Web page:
Many countries rich in natural resources are mired in poverty because of corruption and mismanagement of these resources. We believe that better disclosure and management of revenues paid to governments in resource-exporting countries by companies can deter corruption, minimise investment risk and ensure that these funds are used in the long-term interests of these countries and their citizens.
The Hong Kong Stock Exchange set an important global precedent when it required extractive companies to produce a one-off report on their payments to governments when listing. More recently the US government passed the Dodd Frank Wall Street Reform and Consumer Protection Act which included a provision requiring oil, gas and mining companies to disclose payments to governments annually and on a project-by-project basis. Similar legislation has been agreed in the European Union.
Chinese disclosure regulations will be necessary to create truly global transparency standards. Currently there are no specific regulations in Hong Kong or elsewhere in China concerning ongoing disclosure of payments made to foreign governments by listed oil, gas and mining companies.
In January 2013, Global Witness and Chinese consultancy SynTao published a report on exploring the potential role of the Shanghai Stock Exchange to improve extractive company disclosure and transparency. The report, “Transparency Matters: Disclosure of payments to governments by Chinese extractive companies”, presents a rigorous assessment of the tax payments made by Shanghai-listed extractive companies to governments in resource-rich countries in 2010 and 2011. It finds that while several companies positively stand out in the amount and quality of information they publish, much more could be done by the companies and regulators to enhance reporting beyond existing requirements. Greater transparency could help to promote a better business and investment environment for Chinese companies, enhance China’s reputation abroad and promote international development.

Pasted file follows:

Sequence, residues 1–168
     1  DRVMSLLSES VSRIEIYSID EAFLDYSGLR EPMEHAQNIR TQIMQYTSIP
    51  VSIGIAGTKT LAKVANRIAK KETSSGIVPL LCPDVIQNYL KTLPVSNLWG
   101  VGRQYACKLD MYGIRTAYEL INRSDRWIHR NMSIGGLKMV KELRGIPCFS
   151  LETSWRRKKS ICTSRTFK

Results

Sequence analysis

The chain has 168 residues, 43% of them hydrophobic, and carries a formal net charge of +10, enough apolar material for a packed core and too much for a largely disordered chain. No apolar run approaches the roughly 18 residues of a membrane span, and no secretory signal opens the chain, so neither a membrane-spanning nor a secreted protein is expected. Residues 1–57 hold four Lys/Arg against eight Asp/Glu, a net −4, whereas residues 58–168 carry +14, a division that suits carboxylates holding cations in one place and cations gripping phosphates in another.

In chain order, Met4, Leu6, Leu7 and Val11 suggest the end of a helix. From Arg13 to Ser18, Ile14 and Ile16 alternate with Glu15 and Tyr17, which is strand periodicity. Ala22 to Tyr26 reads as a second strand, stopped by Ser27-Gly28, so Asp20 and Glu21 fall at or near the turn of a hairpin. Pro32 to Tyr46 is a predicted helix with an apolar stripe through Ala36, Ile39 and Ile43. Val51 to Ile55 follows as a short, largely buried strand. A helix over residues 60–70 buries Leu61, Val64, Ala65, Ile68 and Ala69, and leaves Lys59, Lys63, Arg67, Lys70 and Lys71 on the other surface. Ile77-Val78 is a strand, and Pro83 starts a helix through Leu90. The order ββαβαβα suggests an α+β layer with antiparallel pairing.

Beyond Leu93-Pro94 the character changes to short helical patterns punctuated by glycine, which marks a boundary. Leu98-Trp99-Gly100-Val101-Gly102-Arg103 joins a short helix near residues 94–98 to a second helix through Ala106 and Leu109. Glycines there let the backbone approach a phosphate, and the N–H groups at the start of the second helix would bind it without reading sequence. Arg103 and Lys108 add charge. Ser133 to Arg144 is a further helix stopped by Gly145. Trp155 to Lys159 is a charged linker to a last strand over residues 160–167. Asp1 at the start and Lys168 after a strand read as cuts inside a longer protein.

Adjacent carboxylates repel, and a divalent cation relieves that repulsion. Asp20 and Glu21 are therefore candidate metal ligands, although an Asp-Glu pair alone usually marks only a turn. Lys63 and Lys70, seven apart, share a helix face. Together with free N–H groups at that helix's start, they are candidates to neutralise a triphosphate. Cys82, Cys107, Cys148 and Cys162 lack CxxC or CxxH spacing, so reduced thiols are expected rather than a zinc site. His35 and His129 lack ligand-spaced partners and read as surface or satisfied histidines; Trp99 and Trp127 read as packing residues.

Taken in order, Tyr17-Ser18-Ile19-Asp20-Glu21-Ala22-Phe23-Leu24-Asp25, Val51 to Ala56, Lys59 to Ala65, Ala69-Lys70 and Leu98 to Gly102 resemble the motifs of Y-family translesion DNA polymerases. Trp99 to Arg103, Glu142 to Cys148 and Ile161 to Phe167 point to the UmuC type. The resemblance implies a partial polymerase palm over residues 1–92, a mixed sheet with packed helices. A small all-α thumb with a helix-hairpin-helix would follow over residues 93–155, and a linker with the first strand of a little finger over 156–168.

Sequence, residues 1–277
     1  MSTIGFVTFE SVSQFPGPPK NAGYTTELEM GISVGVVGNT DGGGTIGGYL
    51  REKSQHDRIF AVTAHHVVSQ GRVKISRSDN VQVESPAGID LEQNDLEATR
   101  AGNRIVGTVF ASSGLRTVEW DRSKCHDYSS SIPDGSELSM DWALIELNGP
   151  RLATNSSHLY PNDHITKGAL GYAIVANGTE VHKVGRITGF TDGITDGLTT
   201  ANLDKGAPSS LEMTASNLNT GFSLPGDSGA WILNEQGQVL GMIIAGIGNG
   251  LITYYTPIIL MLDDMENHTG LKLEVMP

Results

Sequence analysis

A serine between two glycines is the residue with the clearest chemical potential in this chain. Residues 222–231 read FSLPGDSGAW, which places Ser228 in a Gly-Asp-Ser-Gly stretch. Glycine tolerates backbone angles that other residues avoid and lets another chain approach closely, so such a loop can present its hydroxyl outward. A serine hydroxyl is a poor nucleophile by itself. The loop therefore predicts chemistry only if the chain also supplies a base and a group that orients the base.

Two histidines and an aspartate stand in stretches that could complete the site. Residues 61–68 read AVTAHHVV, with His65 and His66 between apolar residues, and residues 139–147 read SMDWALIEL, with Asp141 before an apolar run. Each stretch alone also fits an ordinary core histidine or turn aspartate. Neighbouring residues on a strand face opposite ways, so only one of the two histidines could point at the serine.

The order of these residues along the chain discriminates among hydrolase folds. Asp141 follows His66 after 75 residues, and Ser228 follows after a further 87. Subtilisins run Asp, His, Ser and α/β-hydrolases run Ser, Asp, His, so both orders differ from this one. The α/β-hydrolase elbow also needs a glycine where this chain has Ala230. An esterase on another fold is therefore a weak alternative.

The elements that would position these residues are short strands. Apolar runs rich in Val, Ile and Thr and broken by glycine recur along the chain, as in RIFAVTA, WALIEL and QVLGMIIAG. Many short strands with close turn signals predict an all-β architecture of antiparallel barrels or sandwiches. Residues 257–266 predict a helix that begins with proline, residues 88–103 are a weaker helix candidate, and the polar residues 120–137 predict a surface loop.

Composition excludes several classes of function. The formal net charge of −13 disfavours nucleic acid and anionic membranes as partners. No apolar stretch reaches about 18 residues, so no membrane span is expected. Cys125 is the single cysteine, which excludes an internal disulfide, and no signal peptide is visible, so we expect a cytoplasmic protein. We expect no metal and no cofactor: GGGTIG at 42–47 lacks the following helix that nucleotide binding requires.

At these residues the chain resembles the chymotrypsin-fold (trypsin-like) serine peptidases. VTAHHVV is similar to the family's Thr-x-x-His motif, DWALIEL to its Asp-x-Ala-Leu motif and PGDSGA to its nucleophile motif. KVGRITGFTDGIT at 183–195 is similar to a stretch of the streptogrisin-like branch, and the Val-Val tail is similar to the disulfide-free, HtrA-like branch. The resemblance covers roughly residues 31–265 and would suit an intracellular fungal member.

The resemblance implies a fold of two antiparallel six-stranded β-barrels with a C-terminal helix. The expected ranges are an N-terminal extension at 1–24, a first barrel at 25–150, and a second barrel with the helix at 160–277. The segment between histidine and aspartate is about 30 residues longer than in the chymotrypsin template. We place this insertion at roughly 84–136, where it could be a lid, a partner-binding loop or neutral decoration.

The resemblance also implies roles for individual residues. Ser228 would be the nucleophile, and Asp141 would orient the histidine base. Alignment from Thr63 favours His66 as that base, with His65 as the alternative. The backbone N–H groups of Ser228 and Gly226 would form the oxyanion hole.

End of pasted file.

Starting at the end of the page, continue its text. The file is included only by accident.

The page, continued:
At the international level, China has occasionally endorsed the principles of the Extractive Industry Transparency Initiative (EITI), an international voluntary scheme which promotes greater transparency of revenue payments from the extractive industries to governments. In particular, China supported the UN General Assembly Resolution which highlighted the importance of Member States promoting transparency and the G20 Pittsburgh declaration that supported EITI participation. Chinese companies have also demonstrated a willingness to comply with EITI transparency requirements in various countries.
Chinese anti-bribery legislation
The introduction of China’s amendments to the country’s Criminal Law regarding commercial bribery was a welcome development and reflects the government’s intention to keep up with progressive international anti-corruption standards, such as those stemming from the UN Convention against Corruption. Corruption, particularly in developing countries, can have devastating impacts by diverting vast amounts of money from much-needed investment in social services. Similar to anti-corruption legislation in the United Kingdom and elsewhere, Chinese government resources should be set aside to make enforcement possible as a first step. Potential cases of overseas corruption should be investigated, both to ensure credibility to the law’s anti-corruption credentials and China’s international reputation.